Parole mixed-use plan clears court hurdle

Appeals judges void rejection by county

January 18, 2001|By Johnathon E. Briggs | Johnathon E. Briggs,SUN STAFF

The county's rejection of a development application for an 18-acre site in the Parole area has been overturned by Maryland's Court of Special Appeals, removing a hurdle for the mixed commercial, residential and recreational project.

In a 15-page decision filed yesterday, the state's second-highest court ruled that the county Circuit Court erred in affirming the county Board of Appeals' rejection of the application from developers Annapolis Route 2 LLC and Wharton Annapolis.

"It's wonderful news," said Alan J. Hyatt, attorney for the developers. "It confirmed our interpretation of the county code with respect to mixed-use development within the Parole Town Center. Now, if my clients want to proceed, their application has to be processed."

The application had been rejected by the county's Department of Planning and Code Enforcement and the Board of Appeals on grounds that the parcel was "ineligible for mixed-use development."

Councilwoman Barbara D. Samorajczyk, an Annapolis Democrat who made land issues part of her 1998 election campaign, said yesterday that although the proposal must now be reviewed, "it can still be rejected."

"The decision says they can apply for mixed-use, but it also gives [the county] an opportunity to make decisions in the best interest of the community," she said.

The court said its decision does not require the county to approve the development application, "only to consider its substance."

In April 1998, the developers filed a proposal with Planning and Code Enforcement seeking approval of a mixed-use development project under the Parole Town Center Growth Management Area incentive plan, which was established in 1990 by a county code.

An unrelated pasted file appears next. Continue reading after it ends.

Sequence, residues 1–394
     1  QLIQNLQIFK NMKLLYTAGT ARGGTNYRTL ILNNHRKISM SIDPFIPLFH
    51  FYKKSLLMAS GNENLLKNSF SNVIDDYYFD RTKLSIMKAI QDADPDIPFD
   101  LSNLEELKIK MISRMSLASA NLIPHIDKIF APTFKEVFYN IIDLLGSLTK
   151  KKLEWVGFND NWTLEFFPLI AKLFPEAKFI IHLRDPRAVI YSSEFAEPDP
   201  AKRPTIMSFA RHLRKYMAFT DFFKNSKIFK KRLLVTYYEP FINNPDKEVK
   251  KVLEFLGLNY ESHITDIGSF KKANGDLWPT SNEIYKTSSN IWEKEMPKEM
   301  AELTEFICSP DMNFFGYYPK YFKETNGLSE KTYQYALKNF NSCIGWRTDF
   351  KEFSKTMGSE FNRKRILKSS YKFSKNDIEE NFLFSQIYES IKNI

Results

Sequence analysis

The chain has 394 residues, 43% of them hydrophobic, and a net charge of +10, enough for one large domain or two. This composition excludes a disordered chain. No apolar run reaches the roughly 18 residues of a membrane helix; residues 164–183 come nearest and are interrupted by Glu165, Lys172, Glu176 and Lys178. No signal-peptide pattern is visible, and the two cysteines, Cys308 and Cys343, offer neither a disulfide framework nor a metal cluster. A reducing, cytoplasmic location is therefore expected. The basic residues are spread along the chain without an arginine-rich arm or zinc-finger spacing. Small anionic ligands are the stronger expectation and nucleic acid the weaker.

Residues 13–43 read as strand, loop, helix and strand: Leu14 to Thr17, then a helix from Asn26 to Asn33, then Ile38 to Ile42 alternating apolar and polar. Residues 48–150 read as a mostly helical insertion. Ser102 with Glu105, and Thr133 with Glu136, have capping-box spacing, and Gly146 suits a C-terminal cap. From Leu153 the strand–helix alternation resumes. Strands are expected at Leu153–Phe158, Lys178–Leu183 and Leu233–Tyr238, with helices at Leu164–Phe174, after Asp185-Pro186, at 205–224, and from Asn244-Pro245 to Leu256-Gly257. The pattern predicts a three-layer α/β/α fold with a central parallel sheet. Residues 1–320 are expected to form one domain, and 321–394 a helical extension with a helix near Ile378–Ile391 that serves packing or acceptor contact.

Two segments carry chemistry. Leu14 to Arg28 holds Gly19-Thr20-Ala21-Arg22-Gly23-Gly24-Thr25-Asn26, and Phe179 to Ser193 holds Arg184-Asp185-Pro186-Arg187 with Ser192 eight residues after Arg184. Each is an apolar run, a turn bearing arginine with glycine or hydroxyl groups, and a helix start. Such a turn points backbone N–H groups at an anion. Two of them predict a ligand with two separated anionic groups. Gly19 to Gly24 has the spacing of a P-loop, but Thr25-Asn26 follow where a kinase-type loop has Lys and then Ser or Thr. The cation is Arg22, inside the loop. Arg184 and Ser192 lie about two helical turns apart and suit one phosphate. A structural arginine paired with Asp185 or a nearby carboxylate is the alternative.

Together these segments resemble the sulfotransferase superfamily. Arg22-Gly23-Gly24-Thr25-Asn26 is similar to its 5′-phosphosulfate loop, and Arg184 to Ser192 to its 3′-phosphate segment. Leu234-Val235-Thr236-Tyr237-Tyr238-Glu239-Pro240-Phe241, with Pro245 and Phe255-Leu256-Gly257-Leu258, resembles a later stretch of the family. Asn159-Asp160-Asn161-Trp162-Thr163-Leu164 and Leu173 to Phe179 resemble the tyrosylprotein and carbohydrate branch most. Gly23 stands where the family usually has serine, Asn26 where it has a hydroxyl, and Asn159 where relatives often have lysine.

The incentive program's stated purpose is to achieve a "mixture of desirable land uses, quality design and public amenities that create a sense of a unified community and enhanced quality of life" in the Parole area.

The project, which would be built on undeveloped land at the end of Admiral Cochran Drive, was to consist of 72,000 square feet of office space, a 250-unit assisted-living facility and a 1.1-acre public park and transit stop facility.

The planning department rejected the application, reasoning that the property was ineligible for mixed-use development under the incentive program and that the property, which is zoned as residential, must be rezoned before being reviewed or approved for commercial uses.

The developers contend that despite the residential zoning, the incentive program allows for mixed-use development throughout the management area.

In April, the Circuit Court agreed with a Board of Appeals position that the incentive program was implemented by the county to encourage developers to provide more residential uses.

If the development was allowed, the court said, "the developer would receive the benefit of the incentive programs while depleting the small residential supply within the Management Area."

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